With more than four billion fans and 260 million players globally, football is without a doubt the most popular sport in the world. But with knees and elbows always on the move and balls that can fly in excess of 60km/h, it can also be an incredibly physical one.

We wanted to take some time to put a spotlight on mouthguards in football and explore what you can do to keep your mouth protected at all times:

Why Should Soccer Players Wear Mouthguards?

Mouthguards have been used throughout the twentieth century, first by boxers from the 1920s onwards and then American football players starting in the 1950s. Mouthguard acceptance and usage among athletes in non-contact sports like football, however, has lagged behind.

Check out our sports page to learn why football players need to wear mouthguards and how they can choose one suited for their sport.

How Do Mouthguards Keep Players Safe?

Think of a mouthguard as a shock absorber for your mouth and teeth.

When you get hit in the face during a game, that blow sends shockwaves rippling through your teeth, jaw, and skull. Without a mouthguard, there’s nothing in place to block or minimize the intensity of the blow. Mouthguards are engineered to capture that energy, diffuse it as they contract, and disperse it as they expand again.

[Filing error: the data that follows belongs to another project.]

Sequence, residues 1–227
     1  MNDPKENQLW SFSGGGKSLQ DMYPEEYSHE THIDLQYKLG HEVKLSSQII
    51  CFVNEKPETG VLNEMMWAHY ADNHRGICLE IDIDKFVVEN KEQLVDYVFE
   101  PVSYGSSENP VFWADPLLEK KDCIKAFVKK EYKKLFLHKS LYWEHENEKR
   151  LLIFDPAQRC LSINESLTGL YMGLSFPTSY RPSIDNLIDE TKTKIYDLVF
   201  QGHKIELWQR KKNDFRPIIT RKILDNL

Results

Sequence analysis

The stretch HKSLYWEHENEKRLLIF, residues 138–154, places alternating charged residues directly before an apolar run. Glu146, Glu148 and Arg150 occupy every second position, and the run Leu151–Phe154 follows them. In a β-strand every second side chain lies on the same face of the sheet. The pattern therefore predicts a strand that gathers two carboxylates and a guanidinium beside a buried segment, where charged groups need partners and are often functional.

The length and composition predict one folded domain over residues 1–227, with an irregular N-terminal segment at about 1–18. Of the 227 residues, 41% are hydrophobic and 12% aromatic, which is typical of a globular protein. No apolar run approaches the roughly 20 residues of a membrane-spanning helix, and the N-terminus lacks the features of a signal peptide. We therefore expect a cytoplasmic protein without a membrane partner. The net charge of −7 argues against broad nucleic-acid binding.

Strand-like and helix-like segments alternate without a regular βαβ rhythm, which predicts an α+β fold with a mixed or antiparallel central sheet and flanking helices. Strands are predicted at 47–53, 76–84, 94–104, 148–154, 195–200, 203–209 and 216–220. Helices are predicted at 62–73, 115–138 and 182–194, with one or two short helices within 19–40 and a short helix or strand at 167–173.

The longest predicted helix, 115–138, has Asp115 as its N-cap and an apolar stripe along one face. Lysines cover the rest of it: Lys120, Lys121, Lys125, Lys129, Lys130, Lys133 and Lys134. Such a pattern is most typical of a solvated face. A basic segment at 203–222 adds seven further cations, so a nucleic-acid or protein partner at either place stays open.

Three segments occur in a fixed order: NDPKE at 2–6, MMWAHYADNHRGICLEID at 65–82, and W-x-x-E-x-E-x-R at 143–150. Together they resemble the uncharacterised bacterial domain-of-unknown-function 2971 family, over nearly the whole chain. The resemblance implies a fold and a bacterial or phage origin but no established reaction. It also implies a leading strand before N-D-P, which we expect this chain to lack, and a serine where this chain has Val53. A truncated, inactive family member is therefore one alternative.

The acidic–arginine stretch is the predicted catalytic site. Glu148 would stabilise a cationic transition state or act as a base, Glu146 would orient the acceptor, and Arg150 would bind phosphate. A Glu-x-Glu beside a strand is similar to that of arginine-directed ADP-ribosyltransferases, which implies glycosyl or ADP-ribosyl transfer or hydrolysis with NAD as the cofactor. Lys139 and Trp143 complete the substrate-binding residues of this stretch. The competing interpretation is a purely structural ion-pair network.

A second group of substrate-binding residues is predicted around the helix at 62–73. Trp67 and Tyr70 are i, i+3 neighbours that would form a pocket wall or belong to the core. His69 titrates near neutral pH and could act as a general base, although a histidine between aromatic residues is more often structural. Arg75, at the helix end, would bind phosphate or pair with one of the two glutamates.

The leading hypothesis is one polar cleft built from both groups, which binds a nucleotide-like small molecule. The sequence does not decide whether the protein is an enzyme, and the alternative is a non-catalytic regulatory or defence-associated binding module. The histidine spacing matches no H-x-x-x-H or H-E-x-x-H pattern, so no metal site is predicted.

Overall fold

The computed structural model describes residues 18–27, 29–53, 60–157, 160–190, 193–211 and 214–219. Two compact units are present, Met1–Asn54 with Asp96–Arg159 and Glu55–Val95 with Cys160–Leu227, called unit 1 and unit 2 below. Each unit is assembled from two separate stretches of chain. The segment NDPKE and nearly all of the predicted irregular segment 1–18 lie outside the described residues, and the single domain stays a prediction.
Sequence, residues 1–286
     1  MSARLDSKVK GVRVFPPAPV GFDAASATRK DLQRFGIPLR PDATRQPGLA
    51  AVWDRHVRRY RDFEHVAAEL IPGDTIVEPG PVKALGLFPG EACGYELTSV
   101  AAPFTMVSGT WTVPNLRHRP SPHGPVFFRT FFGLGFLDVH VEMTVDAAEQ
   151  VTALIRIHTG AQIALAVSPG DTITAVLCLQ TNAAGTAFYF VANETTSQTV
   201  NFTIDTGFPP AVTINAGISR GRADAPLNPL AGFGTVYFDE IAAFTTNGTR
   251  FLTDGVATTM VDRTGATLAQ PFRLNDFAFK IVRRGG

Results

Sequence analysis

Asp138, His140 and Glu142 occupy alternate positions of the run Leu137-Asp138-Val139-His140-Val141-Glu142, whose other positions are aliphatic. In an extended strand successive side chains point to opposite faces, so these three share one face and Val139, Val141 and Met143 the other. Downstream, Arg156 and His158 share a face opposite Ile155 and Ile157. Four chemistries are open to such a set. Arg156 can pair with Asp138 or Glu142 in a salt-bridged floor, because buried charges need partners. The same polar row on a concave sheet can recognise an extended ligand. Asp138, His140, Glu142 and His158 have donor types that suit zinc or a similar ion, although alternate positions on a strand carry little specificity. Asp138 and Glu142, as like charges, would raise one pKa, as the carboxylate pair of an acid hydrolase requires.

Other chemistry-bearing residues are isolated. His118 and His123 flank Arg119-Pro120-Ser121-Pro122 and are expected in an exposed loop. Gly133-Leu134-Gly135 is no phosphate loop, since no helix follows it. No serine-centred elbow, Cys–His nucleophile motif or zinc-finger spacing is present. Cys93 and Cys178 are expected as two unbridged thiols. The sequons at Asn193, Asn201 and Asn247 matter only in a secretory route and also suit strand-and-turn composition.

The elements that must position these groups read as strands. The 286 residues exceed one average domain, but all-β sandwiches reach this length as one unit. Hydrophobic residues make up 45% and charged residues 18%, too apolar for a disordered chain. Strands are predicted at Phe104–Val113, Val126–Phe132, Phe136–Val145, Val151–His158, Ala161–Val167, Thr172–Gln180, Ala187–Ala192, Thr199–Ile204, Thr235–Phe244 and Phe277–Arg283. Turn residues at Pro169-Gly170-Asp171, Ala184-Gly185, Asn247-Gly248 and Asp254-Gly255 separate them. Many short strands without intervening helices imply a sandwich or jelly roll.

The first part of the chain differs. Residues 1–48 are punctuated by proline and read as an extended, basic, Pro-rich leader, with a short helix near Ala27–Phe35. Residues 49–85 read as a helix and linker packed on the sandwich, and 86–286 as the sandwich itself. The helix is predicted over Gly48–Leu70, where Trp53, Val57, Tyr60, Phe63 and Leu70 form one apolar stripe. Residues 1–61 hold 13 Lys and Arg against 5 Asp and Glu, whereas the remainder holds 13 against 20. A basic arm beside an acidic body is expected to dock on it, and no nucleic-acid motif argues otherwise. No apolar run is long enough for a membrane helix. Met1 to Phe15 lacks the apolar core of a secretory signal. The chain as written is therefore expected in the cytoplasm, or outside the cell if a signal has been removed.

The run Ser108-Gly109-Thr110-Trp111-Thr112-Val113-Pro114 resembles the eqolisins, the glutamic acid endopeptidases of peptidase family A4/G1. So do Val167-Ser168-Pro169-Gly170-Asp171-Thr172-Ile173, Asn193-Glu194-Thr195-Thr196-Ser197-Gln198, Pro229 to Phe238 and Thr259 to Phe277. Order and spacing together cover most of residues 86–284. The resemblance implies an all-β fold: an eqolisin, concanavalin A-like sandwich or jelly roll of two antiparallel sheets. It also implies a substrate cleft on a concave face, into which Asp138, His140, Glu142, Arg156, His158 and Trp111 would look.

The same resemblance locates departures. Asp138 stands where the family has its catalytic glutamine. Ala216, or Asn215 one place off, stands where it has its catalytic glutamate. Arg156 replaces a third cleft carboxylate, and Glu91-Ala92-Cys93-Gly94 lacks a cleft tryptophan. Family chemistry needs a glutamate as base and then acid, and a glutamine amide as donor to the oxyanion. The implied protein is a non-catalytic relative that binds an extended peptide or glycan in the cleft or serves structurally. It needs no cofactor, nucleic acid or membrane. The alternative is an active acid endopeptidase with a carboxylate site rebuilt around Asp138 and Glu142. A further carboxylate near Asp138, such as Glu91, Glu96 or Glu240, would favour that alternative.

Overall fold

How Do I Find the Right Mouthguard?

In addition to shock-blocking technology, independent resistance and materials testing, and certifications, make sure you pay attention to how well your mouthguard fits:

  • A properly fitted mouthguard won’t make it difficult for you to breathe or speak.
  • If you can easily loosen your mouthguard with your tongue or need to clench your teeth to make sure your mouthguard stays in place, it’s not the right fit for you. You’ll find yourself adjusting it constantly unless it sits tightly against the upper teeth.
  • Your mouthguard shouldn’t make you gag. If it does, it’s probably sitting too much on your soft palate (the back of the roof of your mouth). Ideally your mouthguard should end somewhere between your first and second molars.
  • If you have braces, don’t forget that you still need to wear a braces-compatible mouthguard in order to protect both your mouth and the braces themselves.

If you’re using a mouth-adapted mouthguard, make sure you follow the manufacturer’s guidelines to achieve a proper fit. Always follow the rules for your specific product. The general principles are the same for BOIL & BITE® styles (they need to be boiled, shaped, and cooled), but the details like how long you need to immerse them in boiling water vary.

Downloadable fitting instructions (PDFs) for all Makura mouthguards are available on our website in five languages: English, Español, Français, Deutsch, and Italiano. Click here to access them.

Ultimately the key to keeping your mouth protected while playing sports is to ensure you’re wearing a high-quality, properly fitted mouthguard.

At Makura Sport, our mission is simple: to provide you with mouthguards that exceed expectations and make us the protection of choice for athletes around the world. Contact us today to learn more!

Read more about safety in sport from Makura:

Makura Sport Team